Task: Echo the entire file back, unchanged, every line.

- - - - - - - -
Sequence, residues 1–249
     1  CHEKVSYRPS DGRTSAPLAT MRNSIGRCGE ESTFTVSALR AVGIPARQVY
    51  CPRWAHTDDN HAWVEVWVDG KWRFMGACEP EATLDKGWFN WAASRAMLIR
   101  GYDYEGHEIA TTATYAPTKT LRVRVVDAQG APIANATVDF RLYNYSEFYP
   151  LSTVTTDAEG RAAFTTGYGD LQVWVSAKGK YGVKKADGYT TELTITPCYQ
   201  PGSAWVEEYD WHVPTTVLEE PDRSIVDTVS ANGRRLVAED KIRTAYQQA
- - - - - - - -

Sequence, residues 1–249
     1  CHEKVSYRPS DGRTSAPLAT MRNSIGRCGE ESTFTVSALR AVGIPARQVY
    51  CPRWAHTDDN HAWVEVWVDG KWRFMGACEP EATLDKGWFN WAASRAMLIR
   101  GYDYEGHEIA TTATYAPTKT LRVRVVDAQG APIANATVDF RLYNYSEFYP
   151  LSTVTTDAEG RAAFTTGYGD LQVWVSAKGK YGVKKADGYT TELTITPCYQ
   201  PGSAWVEEYD WHVPTTVLEE PDRSIVDTVS ANGRRLVAED KIRTAYQQA